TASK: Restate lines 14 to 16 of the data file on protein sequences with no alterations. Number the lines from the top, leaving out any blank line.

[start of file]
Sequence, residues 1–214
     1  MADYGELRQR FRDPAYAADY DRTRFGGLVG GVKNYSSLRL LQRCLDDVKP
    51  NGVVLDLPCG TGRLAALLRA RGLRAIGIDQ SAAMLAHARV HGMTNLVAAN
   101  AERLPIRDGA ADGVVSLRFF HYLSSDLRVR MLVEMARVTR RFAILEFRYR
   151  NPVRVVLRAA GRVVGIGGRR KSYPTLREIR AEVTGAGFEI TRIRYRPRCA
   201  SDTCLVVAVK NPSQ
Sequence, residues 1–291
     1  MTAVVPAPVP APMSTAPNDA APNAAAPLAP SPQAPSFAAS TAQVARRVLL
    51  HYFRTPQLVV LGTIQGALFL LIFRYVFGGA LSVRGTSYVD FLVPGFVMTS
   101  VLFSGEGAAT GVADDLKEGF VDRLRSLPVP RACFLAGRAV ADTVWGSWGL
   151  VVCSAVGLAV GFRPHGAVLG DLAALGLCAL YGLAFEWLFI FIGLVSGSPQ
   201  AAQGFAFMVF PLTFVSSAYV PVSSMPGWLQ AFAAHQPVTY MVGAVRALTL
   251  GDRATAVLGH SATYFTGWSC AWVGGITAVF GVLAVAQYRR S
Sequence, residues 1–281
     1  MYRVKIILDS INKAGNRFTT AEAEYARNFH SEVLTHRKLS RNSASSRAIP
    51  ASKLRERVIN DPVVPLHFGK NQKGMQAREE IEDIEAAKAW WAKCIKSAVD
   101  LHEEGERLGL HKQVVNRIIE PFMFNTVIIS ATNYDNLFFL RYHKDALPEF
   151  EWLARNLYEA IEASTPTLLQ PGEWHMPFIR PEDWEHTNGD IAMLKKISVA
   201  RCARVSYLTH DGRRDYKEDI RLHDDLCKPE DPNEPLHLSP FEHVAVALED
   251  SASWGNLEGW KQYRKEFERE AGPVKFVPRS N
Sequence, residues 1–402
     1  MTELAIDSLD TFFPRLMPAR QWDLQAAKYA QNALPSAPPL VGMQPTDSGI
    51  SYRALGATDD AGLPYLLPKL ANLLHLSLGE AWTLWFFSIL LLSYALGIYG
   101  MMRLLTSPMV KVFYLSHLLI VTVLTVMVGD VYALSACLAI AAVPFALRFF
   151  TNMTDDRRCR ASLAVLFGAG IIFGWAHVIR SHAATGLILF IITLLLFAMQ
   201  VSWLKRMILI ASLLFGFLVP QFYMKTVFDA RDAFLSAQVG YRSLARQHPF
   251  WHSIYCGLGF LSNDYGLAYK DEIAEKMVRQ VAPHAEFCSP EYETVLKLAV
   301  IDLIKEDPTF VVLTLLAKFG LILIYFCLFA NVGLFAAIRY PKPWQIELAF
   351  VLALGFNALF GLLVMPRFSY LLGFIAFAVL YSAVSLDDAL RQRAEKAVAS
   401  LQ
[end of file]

Sequence, residues 1–281
     1  MYRVKIILDS INKAGNRFTT AEAEYARNFH SEVLTHRKLS RNSASSRAIP
    51  ASKLRERVIN DPVVPLHFGK NQKGMQAREE IEDIEAAKAW WAKCIKSAVD